Who doesn’t leap for joy at the sight of the first local tomatoes at a farm stand? For six to eight precious weeks we have at our command Beefsteaks, Romas, Early Girls, Big Boys, cherry, grape and Camparis, and the odd basket of green, yellow, pink and striped heirlooms. So many tomatoes, so little time.
At the weekly market in La Flèche at the end of August table after table was piled high with little red orbs that practically screamed “get us while you can!” Back at our cottage the tomatoes headed to their destiny, a trio of dishes perfect for summer and to extend summer beyond the autumnal equinox.
Ratatouille. The dish that inspired this blog.
I have been making a delicious ratatouille for years using a recipe from “’Round the World Cooking Library: French Cooking” , which has been in my library since my first apartment in Pittsburgh. It is an easy recipe to prepare and results in a big steaming pot of Provence on your stove. Which is why I was confounded when I read Julia Child’s recipe. “A really good ratatouille is not one of the quicker dishes to make,” she writes in Mastering the Art of French Cooking, “as each element is cooked separately before it is arranged in a casserole to partake of a brief communal simmer.” The goal of this method is to produce a dish in which each of the vegetables” retains its own shape and character.”
Really? Who has the time to do that??? But she had a point – how do you prevent the vegetables from turning into mush? Fortunately, as I was preparing to write this post, I met Mary Pochez of Chateau La Barbee, who shared her Uncle Charlie’s recipe, which I have copied in this post.
Tomato Tart. A thing of beauty, easy to prepare and certain to wow your guests, your family, yourself. Dijon mustard is the surprise ingredient. In my book a tomato tart is a nice change from pizza. My recipe can be prepared with puff pastry or pizza dough.
Stuffed Tomatoes. Roasted with a savory pork-and-herb filling, stuffed tomatoes can be a first course, a side dish, or a lunch entrée. And they are soooooo good. Check out my recipe for Tomates Farcis Façon “Marie Tèrèse”.
Some other ideas from the French larder for using tomatoes:
Green Bean and Cherry Tomato Salad. In France this would be made with haricots verts but slender green beans are a suitable stand in. Cook the beans until crisp-tender, cool, then toss with halved cherry tomatoes and an herb & shallot vinaigrette, like this recipe from Food & Wine.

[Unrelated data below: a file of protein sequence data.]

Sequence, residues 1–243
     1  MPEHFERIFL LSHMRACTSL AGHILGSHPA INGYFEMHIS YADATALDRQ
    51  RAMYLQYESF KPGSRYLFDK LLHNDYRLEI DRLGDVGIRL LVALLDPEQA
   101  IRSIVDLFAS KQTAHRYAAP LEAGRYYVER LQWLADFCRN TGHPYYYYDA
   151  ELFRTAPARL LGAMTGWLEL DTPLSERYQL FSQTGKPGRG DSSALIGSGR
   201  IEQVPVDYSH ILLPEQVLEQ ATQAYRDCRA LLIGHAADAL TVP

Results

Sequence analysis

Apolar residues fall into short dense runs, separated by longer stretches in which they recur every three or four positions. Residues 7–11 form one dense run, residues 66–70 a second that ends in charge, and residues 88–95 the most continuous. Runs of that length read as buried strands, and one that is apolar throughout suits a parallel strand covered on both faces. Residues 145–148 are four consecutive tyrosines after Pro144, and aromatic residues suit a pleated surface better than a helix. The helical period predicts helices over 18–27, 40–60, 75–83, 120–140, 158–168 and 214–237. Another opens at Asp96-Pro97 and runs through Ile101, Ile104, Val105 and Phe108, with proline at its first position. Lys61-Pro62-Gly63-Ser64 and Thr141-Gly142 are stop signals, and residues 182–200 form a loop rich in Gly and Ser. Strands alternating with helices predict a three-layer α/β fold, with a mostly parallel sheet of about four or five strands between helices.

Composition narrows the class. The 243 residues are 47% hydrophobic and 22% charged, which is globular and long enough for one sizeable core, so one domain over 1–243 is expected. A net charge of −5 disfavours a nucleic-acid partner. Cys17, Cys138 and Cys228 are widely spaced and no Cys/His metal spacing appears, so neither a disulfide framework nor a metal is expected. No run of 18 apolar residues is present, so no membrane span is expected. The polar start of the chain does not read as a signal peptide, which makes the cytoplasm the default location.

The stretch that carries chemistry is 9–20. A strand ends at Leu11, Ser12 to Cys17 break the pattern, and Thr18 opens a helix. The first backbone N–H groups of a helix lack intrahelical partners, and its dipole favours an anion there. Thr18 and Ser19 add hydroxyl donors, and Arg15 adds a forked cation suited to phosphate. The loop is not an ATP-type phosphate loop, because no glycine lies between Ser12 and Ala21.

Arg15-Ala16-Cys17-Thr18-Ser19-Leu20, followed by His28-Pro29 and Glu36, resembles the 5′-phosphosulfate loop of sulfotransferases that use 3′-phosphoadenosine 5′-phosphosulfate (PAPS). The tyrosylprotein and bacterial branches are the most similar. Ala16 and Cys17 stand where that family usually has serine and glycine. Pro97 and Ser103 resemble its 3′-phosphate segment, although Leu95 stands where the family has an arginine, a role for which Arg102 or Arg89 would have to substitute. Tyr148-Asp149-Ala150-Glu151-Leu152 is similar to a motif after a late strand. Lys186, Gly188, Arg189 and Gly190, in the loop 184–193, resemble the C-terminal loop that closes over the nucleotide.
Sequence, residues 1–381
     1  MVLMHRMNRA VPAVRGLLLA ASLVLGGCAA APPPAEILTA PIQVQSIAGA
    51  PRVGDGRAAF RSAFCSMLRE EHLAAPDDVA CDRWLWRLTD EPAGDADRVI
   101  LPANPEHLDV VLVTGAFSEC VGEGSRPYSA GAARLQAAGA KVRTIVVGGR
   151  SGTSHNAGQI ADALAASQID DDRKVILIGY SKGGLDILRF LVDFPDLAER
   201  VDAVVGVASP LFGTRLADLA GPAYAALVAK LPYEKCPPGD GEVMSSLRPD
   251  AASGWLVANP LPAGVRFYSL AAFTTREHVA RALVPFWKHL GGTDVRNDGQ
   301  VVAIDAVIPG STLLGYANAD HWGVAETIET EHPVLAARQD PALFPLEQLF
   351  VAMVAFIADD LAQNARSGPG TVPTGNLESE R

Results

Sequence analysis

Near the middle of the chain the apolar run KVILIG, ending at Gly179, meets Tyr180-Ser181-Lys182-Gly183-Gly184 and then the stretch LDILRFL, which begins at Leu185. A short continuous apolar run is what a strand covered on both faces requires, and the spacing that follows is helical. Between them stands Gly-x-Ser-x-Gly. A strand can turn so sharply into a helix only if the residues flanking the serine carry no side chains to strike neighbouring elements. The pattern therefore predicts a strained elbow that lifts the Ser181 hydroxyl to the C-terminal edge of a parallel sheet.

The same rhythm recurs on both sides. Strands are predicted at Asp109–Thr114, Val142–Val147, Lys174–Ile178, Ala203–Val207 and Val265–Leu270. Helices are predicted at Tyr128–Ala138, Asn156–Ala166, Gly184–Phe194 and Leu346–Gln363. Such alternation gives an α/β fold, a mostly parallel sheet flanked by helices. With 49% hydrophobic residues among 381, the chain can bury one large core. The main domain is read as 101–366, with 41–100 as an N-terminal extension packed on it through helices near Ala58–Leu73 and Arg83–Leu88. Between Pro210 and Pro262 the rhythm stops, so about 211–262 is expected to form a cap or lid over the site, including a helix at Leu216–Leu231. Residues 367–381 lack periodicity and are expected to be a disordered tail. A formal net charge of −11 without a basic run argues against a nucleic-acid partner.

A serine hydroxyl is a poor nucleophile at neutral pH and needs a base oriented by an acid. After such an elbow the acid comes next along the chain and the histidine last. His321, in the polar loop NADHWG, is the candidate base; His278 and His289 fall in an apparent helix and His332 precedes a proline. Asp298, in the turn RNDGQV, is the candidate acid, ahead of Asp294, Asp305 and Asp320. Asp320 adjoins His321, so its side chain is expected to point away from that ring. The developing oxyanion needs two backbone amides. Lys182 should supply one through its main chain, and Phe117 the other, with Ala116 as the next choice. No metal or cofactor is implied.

Tomato/Avocado/Shrimp Salad. There once was a tiny restaurant on the Rue de la Sourdiére (was it called La Sourdiére?), off the Rue Saint Honoré in the 1st arrondissement of Paris. Despite its location in the heart of the tony 1st arr., it was a homey, family-run affair and became my home away from home when in Paris. That is where I saw “Tomates Avocats Crevettes” on the blackboard menu. It arrived looking very much like our more familiar Caprese salad. But instead of cheese, slices of rich, green avocado shared the pinwheel display with ripe seasonal tomatoes. A few grilled shrimp were mounded in the middle. It was featured as a first course but would make a perfect lunch or light dinner, with a baguette on the side.
Tomato Crumble. Think of a summer fruit crumble, but savory and with tomatoes instead of peaches or apples. Slice plum/Roma tomatoes, layer in a casserole, sprinkle with a little sugar, salt, pepper, and olive oil and roast uncovered in a 325°F. oven for about an hour, or until they have wilted. Remove from the oven and spread a thin layer of pesto on top. Mix together fresh bread crumbs with butter and grated Parmesan—enough to cover the tomatoes by a half inch—spread over the pesto, then return the casserole to the oven and bake for another 30 minutes or until crumble is golden. (Pesto? Parmesan? This is French, you say? I found the recipe in a French cooking magazine so, yeah, I guess it is.)